This was not meant to happen. After the fall of Mullah Omar’s Taliban regime, Tony Blair declared “this time we will not walk away” as the West had done when it abandoned the country to the Taliban and poverty after using the Afghans to fight off the Russians.

But that’s what effectively happened. Resources needed to provide security and rebuild Afghanistan were sunk, instead, into the black hole of Iraq after George W Bush decided, with Tony Blair following faithfully, to overthrow Saddam Hussein. Nothing was done about the safe havens in Pakistan where the Taliban were fed and watered by elements of Pakistani military and secret police, ISI; a replenished insurgency returned across the border to create havoc as a result.

Isaf was sent to Afghanistan. But by 2013, facing a public at home wearied by the long war, the decision was taken by West to disengage. This was followed by the public announcement of a timetable for withdrawal, allowing the insurgents and their backers to wait and prepare to go on the offensive when the time came.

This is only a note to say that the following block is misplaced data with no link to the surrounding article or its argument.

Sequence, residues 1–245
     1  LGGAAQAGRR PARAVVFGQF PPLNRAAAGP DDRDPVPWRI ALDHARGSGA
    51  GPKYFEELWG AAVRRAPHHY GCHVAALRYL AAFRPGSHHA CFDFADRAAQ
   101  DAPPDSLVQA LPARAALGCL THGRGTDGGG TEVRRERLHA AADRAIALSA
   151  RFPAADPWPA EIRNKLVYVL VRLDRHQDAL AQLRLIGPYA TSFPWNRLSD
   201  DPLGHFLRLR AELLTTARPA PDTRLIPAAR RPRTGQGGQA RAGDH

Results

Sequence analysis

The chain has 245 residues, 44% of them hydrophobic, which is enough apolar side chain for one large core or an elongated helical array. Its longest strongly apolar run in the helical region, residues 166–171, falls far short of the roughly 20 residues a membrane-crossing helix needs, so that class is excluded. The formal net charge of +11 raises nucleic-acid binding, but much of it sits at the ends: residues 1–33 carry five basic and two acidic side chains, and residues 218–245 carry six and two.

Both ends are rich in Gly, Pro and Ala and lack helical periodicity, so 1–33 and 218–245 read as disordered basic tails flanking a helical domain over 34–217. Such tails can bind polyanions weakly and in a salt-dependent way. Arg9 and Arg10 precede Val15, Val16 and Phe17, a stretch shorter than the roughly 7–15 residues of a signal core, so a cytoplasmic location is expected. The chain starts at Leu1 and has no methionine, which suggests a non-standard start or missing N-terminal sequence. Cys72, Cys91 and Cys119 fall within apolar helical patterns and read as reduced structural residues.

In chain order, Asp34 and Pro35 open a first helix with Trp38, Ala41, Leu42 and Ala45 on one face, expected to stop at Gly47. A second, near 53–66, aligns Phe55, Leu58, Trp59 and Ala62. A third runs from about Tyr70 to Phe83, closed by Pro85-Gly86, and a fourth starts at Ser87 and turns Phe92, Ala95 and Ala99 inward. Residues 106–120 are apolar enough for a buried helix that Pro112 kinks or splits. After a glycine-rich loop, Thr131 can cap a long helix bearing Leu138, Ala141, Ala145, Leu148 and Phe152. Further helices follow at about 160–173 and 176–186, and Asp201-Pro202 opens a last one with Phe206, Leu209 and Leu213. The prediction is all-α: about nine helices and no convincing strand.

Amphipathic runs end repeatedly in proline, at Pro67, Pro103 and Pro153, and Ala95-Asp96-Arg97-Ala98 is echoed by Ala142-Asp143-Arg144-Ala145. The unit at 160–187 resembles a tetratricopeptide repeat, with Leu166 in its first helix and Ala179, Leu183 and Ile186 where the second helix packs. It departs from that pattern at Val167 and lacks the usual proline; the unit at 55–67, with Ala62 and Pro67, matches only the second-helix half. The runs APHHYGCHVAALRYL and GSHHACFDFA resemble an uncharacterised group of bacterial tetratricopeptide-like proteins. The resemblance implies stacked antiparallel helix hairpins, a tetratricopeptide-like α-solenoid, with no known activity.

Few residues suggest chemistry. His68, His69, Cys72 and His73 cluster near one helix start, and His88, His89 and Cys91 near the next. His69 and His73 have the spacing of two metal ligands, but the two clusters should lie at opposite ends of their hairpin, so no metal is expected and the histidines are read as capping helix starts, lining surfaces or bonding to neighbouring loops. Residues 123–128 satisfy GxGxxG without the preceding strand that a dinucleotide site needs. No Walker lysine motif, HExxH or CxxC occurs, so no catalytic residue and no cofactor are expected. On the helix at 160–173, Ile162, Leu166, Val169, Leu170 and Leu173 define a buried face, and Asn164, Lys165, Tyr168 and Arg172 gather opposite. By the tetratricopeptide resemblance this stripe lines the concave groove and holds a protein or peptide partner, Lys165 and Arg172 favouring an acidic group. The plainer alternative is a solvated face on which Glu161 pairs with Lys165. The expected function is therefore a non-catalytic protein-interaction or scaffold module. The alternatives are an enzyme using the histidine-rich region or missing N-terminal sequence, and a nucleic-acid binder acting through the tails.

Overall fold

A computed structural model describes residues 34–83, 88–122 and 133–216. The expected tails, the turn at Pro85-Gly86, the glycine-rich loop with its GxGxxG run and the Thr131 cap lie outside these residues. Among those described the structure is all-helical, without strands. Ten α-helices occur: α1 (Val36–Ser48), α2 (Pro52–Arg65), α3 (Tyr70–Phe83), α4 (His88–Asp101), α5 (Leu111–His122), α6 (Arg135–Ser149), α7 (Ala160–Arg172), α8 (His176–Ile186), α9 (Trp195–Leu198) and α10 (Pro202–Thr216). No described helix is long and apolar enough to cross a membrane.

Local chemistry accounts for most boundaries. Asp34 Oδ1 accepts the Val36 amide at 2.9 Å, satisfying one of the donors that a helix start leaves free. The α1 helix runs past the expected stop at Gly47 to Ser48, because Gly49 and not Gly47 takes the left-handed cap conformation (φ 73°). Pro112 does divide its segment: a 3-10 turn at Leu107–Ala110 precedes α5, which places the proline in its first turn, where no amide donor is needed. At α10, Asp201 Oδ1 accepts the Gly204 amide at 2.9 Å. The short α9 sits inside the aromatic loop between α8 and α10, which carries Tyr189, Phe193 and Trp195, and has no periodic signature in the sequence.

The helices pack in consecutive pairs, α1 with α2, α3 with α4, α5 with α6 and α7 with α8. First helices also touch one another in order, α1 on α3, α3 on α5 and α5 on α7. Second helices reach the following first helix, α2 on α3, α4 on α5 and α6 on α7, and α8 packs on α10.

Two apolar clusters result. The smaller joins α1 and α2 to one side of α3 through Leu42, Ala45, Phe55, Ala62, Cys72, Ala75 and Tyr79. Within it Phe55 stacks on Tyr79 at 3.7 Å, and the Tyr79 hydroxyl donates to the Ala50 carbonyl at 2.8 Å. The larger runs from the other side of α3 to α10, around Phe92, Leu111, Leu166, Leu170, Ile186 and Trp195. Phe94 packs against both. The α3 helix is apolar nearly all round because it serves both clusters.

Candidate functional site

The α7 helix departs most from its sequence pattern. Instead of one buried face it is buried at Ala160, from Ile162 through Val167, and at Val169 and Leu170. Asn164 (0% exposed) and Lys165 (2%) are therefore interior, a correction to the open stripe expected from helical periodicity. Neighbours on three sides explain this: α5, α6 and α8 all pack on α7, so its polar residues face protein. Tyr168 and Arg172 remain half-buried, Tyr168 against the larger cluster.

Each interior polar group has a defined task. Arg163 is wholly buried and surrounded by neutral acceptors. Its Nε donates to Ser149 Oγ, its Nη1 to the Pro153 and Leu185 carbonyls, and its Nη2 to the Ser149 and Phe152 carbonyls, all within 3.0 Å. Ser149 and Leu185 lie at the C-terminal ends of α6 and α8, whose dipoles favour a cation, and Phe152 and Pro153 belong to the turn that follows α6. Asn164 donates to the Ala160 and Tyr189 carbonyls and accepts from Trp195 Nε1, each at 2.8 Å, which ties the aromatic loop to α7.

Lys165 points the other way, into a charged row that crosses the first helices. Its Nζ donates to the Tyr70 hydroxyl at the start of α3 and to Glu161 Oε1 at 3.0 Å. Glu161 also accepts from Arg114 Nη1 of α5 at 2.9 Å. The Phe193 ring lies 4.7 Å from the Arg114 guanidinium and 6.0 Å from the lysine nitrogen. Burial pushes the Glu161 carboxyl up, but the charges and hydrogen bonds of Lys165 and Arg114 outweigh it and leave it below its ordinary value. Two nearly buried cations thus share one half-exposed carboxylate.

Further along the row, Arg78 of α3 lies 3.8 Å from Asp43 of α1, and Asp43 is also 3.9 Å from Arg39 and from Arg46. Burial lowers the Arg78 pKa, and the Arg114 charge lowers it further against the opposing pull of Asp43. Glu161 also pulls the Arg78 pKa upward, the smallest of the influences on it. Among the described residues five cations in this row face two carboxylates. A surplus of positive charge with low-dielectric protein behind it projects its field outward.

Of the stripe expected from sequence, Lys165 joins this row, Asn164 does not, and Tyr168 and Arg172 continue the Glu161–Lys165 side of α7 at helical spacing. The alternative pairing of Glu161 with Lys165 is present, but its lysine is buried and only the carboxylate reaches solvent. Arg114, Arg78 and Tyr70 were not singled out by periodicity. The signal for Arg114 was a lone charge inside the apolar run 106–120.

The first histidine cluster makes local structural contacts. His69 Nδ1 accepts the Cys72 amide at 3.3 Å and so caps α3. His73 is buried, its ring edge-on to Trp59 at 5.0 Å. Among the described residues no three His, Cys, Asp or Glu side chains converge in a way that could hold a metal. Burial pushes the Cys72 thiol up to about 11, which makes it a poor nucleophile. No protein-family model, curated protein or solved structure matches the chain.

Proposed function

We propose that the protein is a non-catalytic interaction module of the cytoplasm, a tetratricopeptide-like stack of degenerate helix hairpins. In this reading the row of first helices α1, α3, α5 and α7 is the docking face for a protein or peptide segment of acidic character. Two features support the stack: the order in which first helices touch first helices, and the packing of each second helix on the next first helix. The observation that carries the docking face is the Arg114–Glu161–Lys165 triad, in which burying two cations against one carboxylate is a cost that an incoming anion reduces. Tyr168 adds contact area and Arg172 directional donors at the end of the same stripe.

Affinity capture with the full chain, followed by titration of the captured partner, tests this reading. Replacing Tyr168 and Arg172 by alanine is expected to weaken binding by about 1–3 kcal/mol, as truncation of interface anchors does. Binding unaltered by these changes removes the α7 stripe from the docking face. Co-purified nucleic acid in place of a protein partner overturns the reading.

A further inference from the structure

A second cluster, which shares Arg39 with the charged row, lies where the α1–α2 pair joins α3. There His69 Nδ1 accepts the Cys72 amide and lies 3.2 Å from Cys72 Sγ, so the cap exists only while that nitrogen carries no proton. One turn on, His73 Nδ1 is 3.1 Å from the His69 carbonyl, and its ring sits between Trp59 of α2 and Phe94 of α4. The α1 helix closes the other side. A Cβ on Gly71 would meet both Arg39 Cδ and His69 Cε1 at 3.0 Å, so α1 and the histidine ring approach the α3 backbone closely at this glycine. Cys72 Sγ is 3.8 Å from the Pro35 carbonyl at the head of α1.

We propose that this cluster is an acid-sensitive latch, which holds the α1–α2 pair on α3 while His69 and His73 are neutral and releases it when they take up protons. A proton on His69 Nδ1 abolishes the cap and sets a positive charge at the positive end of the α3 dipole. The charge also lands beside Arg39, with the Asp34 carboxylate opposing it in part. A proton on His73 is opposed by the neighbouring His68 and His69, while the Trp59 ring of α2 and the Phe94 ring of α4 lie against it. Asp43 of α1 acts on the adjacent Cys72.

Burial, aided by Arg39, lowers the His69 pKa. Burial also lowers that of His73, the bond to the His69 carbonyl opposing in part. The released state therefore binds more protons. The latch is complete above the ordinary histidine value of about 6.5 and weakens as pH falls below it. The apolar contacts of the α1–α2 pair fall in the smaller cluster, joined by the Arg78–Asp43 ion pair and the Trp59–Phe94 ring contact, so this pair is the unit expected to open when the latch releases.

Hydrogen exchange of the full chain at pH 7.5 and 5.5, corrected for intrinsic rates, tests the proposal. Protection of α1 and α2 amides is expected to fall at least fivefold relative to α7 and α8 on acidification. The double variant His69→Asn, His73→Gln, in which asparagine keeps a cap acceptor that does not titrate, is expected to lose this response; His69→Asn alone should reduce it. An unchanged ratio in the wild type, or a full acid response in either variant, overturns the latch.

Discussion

In the haste to leave the training period for recruits to Afghan military was cut drastically to achieve a projected total of 352,000. This led to some of the military shortcomings which followed and contributed to the horrendous casualties being suffered by the Afghan forces; 16,000 killed or injured just in the last 12 months, a rise of 28 per cent from the previous year.

The current debacle is not entirely the fault, however, of the West. A serious miscalculation by the Afghan President, Ashraf Ghani, has played its part in what has unfolded.